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Dell officially spins off 81% equity ownership of VMware

The spinoff agreement provides VMware with increased strategic and financial flexibility to grow its cloud and infrastructure software business.

This story was updated on October 19, 2021:

Six months after Dell announced its intention to spinoff long-time virtualization partner VMware, the companies have finalized a separation date of November 1.

Dell and the VMware Special Committee of independent directors approved the initial terms of the deal that include a significant simplification to the corporate ownership structure along with an $11.5 billion to $12 billion special cash dividend immediately prior to the spinoff.

As proposed earlier this year, Dell stockholders will receive a proportional distribution of VMware shares held by Dell Technologies, and CEO Michael Dell and will own a 41% of VMware. The two companies have also finalized a commercial agreement.

Dell initially gained ownership of VMware through its acquisition of EMC in 2015.

News of VMware spinoff plans first came to light in July 2020. In October, Dell said his company intended to keep control of VMware even if it spun off some of its stock, and added that selling shares would not affect products or technologies. At that time, leaders from both companies said they would continue co-development and maintain ties, which appears to be the case.

In February, VMware CEO Pat Gelsinger stepped down after eight years in the role to take over as CEO of Intel. Zane Rowe, executive vice president and chief financial officer of VMware, is serving as Interim CEO.

What's next for VMware?

VMware plans to move ahead in the software and SaaS market, across clouds and hardware infrastructure. Independence from Dell will allow VMware to make strategic moves to achieve this goal, according to Rowe.

In an investor call on Wednesday, Rowe said VMware will continue to work with Dell but being independent provides more flexibility and "more openness for partnerships." He declined to provide specifics on opportunities outside of Dell, which remains a significant shareholder.

Some analysts don't see many repercussions for either company moving forward, as both can continue to work together on the same core products they have prior to the split.

Potentially the good thing about spinning [VMware] off is it at least gives the perception to Dell's other partners that they are now on an equal footing with VMware.
Gary ChenResearch director, IDC

"While it was convenient from a sales point of view to get things bundled together with a product like VxRail, that is something that could have been done with other partners," said Gary Chen, research director of IDC's software defined compute practice. "Potentially the good thing about spinning [VMware] off is it at least gives the perception to Dell's other partners that they are now on an equal footing with VMware. VMware's competitors will be less hesitant about working with Dell."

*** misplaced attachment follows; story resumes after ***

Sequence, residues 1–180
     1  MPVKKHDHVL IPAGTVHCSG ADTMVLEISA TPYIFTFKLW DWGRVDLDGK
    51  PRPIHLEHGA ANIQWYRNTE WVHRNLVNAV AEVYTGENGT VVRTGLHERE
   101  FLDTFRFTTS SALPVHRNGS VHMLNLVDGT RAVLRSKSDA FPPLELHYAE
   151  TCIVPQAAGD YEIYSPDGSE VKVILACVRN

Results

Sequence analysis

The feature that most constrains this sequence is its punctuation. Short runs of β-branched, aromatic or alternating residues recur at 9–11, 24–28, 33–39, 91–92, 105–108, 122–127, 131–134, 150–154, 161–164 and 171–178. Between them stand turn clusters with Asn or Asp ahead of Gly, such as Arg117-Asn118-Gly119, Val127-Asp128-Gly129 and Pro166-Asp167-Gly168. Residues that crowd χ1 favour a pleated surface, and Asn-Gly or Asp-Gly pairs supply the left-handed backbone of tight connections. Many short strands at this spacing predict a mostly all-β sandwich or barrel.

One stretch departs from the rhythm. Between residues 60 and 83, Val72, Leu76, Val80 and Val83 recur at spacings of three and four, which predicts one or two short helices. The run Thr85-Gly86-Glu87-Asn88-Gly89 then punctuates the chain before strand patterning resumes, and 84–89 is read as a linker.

The move isn't expected to dampen either company's fortunes going forward. But one unknown element is Gelsinger's departure, and whether his successor can keep the company on a roll.

"The market value of VMware is at a peak right now, but whether it stays there depends on how sound the leadership will be coming in after Pat [Gelsinger]," said Geoff Woollacott, senior strategy consultant and principal analyst at Technology Business Research.

Given the growing acceptance of open source across the tech industry, Dell might find it easy to form relationships with VMware competitors that have been more aggressive in embracing open source, Woollacott said.

"VMware's got legacy subscription software that has always competed against open source alternatives," Woollacott said. "But open source, mainly in the form of Kubernetes, is becoming the great equalizer and the markets are moving more and more in that direction."

VMware has made some investments in open source in the recent past, similar to other software companies that have portfolios full of proprietary offerings.

"VMware has a lot of closed software, and most of its money is made off that software," Chen said. "Microsoft was the same way, but look at how they have pivoted to Linux and open source. For [both Microsoft and VMware], it will be a matter of balancing where proprietary software works best and where and how open source software works best."

Through its commercial agreement, VMware and Dell will continue to co-engineer products that provide strategic value, with Dell Technologies providing go-to-market support for VMware's products.

The estimated value of the $11.5 billion to $12 billion special cash dividend that VMware will provide to all stockholders ranges from $27.43 per share to $28.62 per share, based on outstanding shares as of March 16.

The VMware spinoff is expected to close in the fourth quarter of 2021, subject to conditions.

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